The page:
Grand National 2016: Minella Reception dies after fall

Horses at the Grand National meeting
Aintree officials have made changes in an effort to improve safety on the course

Minella Reception has died after a fall at Becher's Brook in Friday's Topham Chase at Aintree.

The 10-year-old, trained by Nigel Twiston-Davies, was treated on the course but then put down after assessment back at the stables.

Gullinbursti had earlier been put down after falling in the same incident.

It takes the number of horse deaths to four at this year's Grand National meeting after Clonbanan Lad and Marasonnien collapsed on Thursday.

Neither fell but they died after being pulled up in the Fox Hunters' Chase which, like the Topham Chase, is staged over the same course as Saturday's Grand National.

Thirteen horses have died at the Aintree meeting in the past five years.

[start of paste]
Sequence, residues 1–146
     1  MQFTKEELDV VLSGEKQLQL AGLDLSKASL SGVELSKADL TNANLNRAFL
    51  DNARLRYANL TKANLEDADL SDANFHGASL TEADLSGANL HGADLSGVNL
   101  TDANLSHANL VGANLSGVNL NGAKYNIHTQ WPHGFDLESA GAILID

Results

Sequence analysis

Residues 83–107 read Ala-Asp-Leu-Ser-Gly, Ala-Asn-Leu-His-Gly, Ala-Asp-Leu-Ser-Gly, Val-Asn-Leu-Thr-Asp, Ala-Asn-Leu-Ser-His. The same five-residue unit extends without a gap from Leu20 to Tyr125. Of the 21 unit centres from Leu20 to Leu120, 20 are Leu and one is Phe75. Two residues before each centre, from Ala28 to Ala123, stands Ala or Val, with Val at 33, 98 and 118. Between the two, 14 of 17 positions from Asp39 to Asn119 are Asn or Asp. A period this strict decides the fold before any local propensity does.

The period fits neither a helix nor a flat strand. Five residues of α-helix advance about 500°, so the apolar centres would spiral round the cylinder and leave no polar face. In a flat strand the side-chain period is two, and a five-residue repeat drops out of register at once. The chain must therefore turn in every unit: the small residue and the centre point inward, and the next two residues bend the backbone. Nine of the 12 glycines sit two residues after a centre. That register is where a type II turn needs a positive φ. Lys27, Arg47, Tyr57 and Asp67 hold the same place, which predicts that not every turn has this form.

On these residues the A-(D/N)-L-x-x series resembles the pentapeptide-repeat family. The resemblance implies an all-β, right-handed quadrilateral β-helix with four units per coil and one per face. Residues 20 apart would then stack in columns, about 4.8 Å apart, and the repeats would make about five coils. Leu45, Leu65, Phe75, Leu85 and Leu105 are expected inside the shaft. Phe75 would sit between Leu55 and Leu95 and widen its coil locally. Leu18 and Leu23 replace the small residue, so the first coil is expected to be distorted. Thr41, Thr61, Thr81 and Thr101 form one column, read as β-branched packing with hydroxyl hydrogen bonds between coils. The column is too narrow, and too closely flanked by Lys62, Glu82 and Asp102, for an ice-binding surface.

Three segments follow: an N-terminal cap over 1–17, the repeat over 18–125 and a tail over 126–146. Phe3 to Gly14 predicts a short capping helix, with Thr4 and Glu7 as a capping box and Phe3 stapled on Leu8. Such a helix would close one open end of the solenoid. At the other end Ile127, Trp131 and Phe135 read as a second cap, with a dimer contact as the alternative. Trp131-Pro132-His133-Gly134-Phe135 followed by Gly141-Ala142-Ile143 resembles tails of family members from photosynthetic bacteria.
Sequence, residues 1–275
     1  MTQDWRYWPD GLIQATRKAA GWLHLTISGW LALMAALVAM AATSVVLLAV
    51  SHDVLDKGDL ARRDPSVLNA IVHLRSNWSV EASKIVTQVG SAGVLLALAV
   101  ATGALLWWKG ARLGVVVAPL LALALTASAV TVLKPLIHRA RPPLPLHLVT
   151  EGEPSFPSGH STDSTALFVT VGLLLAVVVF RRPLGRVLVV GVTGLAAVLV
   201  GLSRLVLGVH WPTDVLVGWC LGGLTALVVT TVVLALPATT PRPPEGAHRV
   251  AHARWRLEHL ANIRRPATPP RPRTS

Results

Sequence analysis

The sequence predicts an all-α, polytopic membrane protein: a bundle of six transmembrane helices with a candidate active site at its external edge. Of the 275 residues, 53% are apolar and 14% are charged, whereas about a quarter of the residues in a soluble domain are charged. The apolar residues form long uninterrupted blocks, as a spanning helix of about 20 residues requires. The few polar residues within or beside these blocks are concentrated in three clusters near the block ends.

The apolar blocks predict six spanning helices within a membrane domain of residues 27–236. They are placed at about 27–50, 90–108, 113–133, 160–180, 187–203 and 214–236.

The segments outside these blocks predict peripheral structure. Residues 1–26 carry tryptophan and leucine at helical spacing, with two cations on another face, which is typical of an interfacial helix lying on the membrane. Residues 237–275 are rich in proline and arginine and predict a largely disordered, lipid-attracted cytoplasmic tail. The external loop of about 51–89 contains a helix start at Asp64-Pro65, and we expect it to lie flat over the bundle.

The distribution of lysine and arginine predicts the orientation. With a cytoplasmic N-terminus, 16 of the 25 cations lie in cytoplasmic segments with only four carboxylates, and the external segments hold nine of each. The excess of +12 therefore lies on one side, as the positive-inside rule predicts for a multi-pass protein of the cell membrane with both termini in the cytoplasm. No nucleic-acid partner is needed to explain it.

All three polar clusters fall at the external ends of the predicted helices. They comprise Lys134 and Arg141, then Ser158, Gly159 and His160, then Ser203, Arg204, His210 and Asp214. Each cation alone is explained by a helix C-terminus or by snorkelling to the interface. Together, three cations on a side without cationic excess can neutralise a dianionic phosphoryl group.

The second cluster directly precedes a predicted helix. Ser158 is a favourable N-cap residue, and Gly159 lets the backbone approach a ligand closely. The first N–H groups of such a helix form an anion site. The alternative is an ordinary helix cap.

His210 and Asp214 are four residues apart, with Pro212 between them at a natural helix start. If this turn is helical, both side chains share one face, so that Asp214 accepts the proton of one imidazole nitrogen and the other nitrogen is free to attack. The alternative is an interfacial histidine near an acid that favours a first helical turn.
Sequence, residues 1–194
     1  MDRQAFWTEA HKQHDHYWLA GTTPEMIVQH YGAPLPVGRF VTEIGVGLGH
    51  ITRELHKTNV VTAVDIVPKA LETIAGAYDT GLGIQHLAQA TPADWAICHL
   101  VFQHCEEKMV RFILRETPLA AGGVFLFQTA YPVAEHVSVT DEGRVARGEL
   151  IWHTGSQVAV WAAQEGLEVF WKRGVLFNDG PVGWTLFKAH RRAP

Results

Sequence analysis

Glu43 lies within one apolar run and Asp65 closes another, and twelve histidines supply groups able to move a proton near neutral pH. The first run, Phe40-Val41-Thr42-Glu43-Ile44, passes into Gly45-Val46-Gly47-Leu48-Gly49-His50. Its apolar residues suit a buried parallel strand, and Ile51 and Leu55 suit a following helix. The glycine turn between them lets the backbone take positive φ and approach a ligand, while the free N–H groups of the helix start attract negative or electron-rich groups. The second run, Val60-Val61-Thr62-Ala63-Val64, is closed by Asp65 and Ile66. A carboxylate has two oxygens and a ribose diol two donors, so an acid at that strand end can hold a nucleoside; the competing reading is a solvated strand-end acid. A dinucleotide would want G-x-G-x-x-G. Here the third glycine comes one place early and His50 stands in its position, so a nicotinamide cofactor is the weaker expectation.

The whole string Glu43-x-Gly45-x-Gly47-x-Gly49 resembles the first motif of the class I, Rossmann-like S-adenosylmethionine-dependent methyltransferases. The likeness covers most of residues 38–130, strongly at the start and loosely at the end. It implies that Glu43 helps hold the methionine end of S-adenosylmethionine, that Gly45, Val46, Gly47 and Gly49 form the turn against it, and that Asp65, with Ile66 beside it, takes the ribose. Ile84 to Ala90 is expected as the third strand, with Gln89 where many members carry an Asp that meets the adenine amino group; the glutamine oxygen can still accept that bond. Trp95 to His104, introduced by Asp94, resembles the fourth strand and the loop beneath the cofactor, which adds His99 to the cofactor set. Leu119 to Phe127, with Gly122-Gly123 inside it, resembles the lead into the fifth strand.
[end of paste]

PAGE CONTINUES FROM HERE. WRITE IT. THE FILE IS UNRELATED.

The British Horseracing Authority said there was one fatality from 661 runners at the previous two National meetings.

Since modifications to the fences and other changes three years ago, there have been no fatalities in the Grand National itself.

"While you can't remove all risk from any sport, we acted on evidence to make significant changes here at Aintree, including to the cores of every fence on the Grand National course," said John Baker, the north-west regional director for Aintree's owners Jockey Club Racecourses.

"We've seen hundreds of horses compete safely since over the last few years."

Speaking on the opening day of the meeting, Eduardo Goncalves, chief executive of campaign group League Against Cruel Sports, said: "We've seen some improvements in some places, but not enough in many."

The League Against Cruel Sports recommendsexternal-link removing the Becher's Brook fence where Gullinbursti and Minella Reception were fatally injured and reducing the field of any race to a maximum of 30 runners.

Marasonnien was ridden by amateur jockey Patrick Mullins - son of Irish champion trainer Willie Mullins - while Clonbanan Lad, who won last time out at Fakenham, was from Louise Allan's yard.

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